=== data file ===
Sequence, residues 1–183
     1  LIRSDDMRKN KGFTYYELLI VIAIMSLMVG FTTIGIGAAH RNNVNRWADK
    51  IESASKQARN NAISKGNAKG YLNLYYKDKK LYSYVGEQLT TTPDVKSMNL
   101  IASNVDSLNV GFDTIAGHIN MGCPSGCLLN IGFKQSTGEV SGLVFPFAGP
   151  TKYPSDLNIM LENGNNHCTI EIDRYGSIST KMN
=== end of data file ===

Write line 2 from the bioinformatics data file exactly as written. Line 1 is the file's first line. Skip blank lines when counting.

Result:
     1  LIRSDDMRKN KGFTYYELLI VIAIMSLMVG FTTIGIGAAH RNNVNRWADK